Indian pharmas call on FDA to perform 'virtual' facility checks during COVID-19 inspection lockdown
India, one of the largest drug exporters in the world, has been hit hard by the novel coronavirus pandemic as global lockdowns have complicated daily operations. On one measure—the FDA's nearly two-month ban on foreign inspections—Indian drugmakers are pushing back. And they may have come up with a novel solution.
Major Indian pharmaceutical companies are asking the FDA to conduct "desk reviews" or virtual facility inspections during the pandemic in order to "ensure the continuous supply of much-needed drugs in the United States," according to a letter from the Indian Pharmaceutical Alliance (IPA) obtained by FiercePharma.
In correspondence dated April 20 to Janet Woodcock, director of the FDA's Center for Drug Evaluation and Research, the alliance asked for virtual reviews of facilities that are new, are slated to produce a new class of drugs or have completed a corrective action plan following a previous inspection failure.
Among the alliance's members are India's largest drug manufacturers, including Cipla, Cadila, Dr. Reddy's Laboratories and Abbott India.
The group also requested the FDA consider recognizing inspections by foreign regulators and temporarily waiving on-site inspections "based on past inspection history and the critical nature of products, such as drug shortages or products that do not currently have generic alternatives."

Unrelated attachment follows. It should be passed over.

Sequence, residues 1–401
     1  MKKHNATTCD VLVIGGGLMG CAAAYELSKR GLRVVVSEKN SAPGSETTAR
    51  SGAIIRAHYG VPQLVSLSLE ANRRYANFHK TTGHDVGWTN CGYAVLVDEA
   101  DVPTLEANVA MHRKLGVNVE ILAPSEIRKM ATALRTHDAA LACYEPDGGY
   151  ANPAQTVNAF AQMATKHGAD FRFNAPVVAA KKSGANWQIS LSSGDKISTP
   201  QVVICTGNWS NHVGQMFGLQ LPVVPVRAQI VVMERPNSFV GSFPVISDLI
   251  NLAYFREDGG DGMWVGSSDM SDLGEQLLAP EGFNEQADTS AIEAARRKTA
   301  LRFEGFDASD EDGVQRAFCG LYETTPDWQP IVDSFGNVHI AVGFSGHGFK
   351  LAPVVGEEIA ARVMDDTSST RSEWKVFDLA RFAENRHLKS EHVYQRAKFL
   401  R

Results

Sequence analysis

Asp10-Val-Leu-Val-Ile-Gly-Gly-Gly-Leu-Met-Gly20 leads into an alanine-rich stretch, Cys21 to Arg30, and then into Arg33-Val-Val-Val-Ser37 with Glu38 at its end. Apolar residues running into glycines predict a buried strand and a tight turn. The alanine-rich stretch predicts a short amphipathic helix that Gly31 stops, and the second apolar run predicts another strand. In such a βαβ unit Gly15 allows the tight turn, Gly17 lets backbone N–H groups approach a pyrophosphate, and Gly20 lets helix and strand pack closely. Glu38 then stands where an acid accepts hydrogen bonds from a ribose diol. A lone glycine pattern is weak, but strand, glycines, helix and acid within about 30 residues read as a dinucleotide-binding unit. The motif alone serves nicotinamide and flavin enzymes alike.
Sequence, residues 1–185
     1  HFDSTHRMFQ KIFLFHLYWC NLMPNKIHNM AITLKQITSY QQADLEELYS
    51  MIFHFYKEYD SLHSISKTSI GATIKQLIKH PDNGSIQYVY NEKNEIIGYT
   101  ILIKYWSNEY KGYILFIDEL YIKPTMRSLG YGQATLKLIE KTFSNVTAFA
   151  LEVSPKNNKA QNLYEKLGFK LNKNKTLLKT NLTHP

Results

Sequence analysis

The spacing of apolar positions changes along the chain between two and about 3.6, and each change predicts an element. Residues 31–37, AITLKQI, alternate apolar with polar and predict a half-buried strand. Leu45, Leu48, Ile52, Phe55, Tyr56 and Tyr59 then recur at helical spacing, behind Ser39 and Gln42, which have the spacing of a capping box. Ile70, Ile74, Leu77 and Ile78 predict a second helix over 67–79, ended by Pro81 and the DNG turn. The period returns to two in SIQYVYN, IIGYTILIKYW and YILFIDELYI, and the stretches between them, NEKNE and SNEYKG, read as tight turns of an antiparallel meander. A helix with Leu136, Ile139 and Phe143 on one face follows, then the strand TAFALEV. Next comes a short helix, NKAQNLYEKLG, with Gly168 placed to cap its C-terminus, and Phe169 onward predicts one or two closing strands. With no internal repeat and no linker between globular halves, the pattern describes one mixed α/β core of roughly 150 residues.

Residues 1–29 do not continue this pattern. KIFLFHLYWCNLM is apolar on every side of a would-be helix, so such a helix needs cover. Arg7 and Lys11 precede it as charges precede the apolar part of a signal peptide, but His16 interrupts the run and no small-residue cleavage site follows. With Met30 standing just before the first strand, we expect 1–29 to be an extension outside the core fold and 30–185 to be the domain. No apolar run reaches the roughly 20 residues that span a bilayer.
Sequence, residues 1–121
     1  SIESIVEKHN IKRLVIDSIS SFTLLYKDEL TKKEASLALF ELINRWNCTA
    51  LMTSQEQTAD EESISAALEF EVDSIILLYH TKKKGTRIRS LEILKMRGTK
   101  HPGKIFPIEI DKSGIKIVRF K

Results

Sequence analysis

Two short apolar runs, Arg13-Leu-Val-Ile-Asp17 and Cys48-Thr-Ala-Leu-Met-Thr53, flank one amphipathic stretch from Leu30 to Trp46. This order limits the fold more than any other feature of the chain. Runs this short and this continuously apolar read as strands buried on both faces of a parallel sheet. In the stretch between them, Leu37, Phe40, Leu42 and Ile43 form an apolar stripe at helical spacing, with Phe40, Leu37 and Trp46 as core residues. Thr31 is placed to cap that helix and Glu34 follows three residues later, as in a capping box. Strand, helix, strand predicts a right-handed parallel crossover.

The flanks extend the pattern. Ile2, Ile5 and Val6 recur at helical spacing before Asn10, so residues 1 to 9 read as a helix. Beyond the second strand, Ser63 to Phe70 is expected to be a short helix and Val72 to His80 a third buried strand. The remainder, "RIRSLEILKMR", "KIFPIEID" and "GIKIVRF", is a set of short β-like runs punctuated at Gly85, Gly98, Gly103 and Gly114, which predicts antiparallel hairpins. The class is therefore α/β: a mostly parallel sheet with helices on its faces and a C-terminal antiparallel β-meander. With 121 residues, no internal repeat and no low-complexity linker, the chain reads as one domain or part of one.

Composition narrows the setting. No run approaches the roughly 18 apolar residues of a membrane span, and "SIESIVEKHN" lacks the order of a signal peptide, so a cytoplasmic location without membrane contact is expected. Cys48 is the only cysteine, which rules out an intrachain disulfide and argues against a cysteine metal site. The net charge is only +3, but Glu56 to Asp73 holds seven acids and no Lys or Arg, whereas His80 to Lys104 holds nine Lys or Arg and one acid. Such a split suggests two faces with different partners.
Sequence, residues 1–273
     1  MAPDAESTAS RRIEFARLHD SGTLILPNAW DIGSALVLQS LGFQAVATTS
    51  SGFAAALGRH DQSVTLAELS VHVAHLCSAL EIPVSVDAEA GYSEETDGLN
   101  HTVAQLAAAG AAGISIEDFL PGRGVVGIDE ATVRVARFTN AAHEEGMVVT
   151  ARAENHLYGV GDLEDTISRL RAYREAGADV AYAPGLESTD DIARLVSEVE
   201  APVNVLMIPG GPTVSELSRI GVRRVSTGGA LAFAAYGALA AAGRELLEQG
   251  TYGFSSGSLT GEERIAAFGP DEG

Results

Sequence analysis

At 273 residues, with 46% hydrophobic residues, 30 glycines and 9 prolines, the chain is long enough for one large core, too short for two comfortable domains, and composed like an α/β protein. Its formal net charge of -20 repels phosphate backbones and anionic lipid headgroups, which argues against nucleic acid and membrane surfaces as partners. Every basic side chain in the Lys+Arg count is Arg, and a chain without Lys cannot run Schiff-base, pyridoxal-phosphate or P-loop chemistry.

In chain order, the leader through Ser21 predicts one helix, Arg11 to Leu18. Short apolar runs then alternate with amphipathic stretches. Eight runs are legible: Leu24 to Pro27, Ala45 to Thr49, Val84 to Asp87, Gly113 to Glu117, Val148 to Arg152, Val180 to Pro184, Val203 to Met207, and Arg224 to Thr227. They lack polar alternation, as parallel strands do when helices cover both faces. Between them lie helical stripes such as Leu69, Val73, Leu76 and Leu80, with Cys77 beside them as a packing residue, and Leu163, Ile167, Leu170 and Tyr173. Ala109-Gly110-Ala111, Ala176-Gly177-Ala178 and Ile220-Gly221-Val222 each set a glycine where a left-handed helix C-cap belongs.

If the agency agreed to the temporary measures, "companies would individually reach out to the FDA with regards to inspections or re-inspections pending so that the agency can propose the best path to move forward under the current circumstances for each company," the letter read.
The FDA on Wednesday confirmed it had received the alliance's letter and so far has not performed any livestream video inspections.
"These alternative approaches to on-site inspection have provided FDA with useful information," a spokesman said.
The FDA pointed to a March 10 order to outline its current policy, which stipulates that the inspection ban would continue through April. The agency hasn't publicly announced whether the ban will be renewed.
If the FDA does choose to renew its order, it could continue to hamstring India's production of generic and branded meds on which the U.S. relies. The move would also potentially damage India's attempt to flex its muscle as a global pharmaceuticals producer at the expense of world leader China.
Earlier this month, Bloomberg reported the Indian government is planning to escalate domestic production of pharmaceutical ingredients to counteract a perceived over-reliance on Chinese imports now hampered by COVID-19 shutdowns.
India has identified and prioritized production of 53 raw materials and active pharmaceutical ingredients (APIs) as part of its "China-plus-one" policy to fill in supply gaps of affordable medicines, sources told the outlet. The plan includes investing $1.3 billion in domestic pharmaceutical producers and potentially reviving state-run companies to ramp up cheap generic production.
According to Bloomberg, 70% of India's imports of APIs come from China, totaling $2.4 billion of India's $3.56 billion in import spending for those products each year. In early march, India stopped exports of 26 APIs and drugs that range from paracetamol––the ingredient in Tylenol––to antivirals like acyclovir for treating shingles and antibiotic neomycin. India is reportedly upping production of paracetamol and antibiotics penicillin and ciprofloxacin.
Apr 30, 2020